Surfing Oceanic Data

The ocean is massive and it’s experiencing massive change thanks to climate change and humans depleting its resources. We know this, but we don’t know the extent of the harm done to the oceans nor many other aspects of life in the seas.

A surfer and engineer, Benjamin Thompson, decided to do tackle these problems. He invented a special fin for surfboards that can collect data about the planet’s waters while one enjoys some fun recreation

In a world that grows more “Big Data”-obsessed by the day, the amount of information we have on the world’s oceans remains curiously small. In fact, according to the National Ocean Service, less than 5 percent of the world’s oceans have been explored. There’s good reason for that. “You put anything in the ocean, and it gets pounded to death, critters grow on them, the temperature changes, and ions corode the metal,” says Paul Bunje, senior director of oceans at the XPRIZE Foundation. “Stick something in the ocean, and it wants to get destroyed very quickly.”

It’s particularly tough to collect information near the shore, where waves are crashing. An innovation like Smart Phin could change that. “Surfers are going in the water everyday. They’re in the most critical, hostile zone, and they’re doing it willingly, and they’re doing it for free,” Thompson says. “We’re chopping of a whole section of the cost of research, and that could be a real paradigm shift in the way data is collected.”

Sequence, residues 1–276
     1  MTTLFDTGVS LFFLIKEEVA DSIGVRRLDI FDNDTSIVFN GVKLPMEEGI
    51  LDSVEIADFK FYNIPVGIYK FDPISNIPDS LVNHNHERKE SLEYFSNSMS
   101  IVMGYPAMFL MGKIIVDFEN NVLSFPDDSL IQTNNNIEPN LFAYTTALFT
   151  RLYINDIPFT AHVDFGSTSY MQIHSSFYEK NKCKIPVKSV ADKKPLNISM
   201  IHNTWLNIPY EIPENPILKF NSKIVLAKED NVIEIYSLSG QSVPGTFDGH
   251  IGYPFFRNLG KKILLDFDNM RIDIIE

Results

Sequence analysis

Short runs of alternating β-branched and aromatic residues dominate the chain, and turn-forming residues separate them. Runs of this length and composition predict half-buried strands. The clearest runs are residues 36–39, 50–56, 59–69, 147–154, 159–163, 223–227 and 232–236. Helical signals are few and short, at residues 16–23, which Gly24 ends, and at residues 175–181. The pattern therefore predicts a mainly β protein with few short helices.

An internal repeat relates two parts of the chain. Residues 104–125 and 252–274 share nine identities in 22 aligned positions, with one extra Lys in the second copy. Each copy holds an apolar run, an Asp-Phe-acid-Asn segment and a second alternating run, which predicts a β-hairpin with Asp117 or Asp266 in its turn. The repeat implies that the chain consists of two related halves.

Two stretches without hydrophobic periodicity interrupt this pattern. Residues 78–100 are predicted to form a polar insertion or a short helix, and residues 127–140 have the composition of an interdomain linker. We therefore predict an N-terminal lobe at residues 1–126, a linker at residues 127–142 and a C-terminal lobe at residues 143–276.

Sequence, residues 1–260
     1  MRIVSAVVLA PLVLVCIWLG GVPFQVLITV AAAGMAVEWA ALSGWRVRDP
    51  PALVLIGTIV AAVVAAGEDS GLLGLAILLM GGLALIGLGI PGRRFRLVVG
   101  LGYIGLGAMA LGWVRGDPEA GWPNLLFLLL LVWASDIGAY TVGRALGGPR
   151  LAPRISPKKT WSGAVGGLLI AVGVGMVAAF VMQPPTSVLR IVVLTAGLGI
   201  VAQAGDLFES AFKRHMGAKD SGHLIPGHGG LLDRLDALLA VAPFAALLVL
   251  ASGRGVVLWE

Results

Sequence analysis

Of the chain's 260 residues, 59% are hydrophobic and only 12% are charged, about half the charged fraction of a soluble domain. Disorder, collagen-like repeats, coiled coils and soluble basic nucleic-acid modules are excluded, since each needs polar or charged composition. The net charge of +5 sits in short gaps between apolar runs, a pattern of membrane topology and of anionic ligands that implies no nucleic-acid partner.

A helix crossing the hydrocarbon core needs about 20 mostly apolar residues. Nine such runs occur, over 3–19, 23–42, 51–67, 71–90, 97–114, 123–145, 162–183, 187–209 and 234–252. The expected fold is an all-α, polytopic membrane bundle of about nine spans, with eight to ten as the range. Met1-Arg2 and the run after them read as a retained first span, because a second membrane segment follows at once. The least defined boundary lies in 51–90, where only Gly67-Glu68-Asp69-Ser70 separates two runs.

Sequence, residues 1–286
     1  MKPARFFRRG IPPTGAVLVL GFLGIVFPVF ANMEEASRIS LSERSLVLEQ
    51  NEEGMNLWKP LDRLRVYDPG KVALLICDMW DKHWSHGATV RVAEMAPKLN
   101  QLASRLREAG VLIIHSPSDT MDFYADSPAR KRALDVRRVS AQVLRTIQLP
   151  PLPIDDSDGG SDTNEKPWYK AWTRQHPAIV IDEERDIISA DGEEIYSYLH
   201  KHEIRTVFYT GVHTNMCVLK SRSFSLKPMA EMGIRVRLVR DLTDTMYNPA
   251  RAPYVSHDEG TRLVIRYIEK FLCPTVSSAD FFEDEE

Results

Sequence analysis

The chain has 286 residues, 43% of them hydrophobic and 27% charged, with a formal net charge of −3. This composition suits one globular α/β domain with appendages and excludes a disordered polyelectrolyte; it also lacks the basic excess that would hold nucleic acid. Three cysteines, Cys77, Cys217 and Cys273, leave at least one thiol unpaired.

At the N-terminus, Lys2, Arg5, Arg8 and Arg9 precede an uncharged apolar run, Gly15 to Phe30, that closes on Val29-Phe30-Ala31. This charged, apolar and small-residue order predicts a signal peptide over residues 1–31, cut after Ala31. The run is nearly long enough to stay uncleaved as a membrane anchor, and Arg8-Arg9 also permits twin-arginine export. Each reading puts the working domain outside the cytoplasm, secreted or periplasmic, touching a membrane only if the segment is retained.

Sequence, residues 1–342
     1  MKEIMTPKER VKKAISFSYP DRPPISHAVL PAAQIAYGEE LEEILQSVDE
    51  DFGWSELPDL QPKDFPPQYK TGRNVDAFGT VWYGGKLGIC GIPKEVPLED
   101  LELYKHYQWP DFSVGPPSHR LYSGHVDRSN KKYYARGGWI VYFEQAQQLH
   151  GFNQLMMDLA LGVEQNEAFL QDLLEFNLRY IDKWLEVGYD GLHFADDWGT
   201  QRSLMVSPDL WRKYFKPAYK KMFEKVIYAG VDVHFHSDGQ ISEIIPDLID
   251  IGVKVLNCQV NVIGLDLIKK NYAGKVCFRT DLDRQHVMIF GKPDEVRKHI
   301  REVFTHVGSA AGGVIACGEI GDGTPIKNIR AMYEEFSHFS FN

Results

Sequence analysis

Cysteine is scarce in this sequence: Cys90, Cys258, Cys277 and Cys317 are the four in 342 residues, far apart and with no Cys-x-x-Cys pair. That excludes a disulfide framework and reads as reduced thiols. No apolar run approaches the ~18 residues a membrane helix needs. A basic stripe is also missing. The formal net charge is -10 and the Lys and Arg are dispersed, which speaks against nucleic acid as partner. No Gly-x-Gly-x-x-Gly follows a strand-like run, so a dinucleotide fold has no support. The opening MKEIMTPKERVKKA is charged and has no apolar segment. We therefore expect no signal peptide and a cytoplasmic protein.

Read more.

Read More

Save the Oceans!

What’s a marine biologist doing talking about world hunger? Well, says Jackie Savitz, fixing the world’s oceans might just help to feed the planet’s billion hungriest people. In an eye-opening talk, Savitz tells us what’s really going on in our global fisheries right now — it’s not good — and offers smart suggestions of how we can help them heal, while making more food for all.

Read More

Time for an Ocean Cleanup

We recent looked at Illinois banning microbeads, which will cut back on plastic pollution in large bodies of water. But what about the plastics that are already in the oceans? That’s where Ocean Cleanup comes in.

Right now, the young organization is raising $2 million through crowd funding to do a large-scale cleanup of plastic trash floating in the ocean. They have successfully completed a pilot study and are about to start a larger feasibility study before moving on to the final goal. Now is your chance to help contribute to saving the oceans!

  • At least one million seabirds, and one-hundred thousand marine mammals die each year due to plastic pollution (Laist, 1997)
  • Lantern fish in the North Pacific Gyre eat up to 24,000 tons plastics per year (Davidson & Asch, 2011)
  • The survival of many species, including the Hawaiian Monk Seal and Loggerhead Turtle, could be jeopardized by plastic debris (Derraik, 2002)
  • Plastic pollution is a carrier of invasive species, threatening native ecosystems (Barnes, 2005)
  • The Ocean Cleanup

    Read More

    Japan Ordered to Stop Whaling and Complies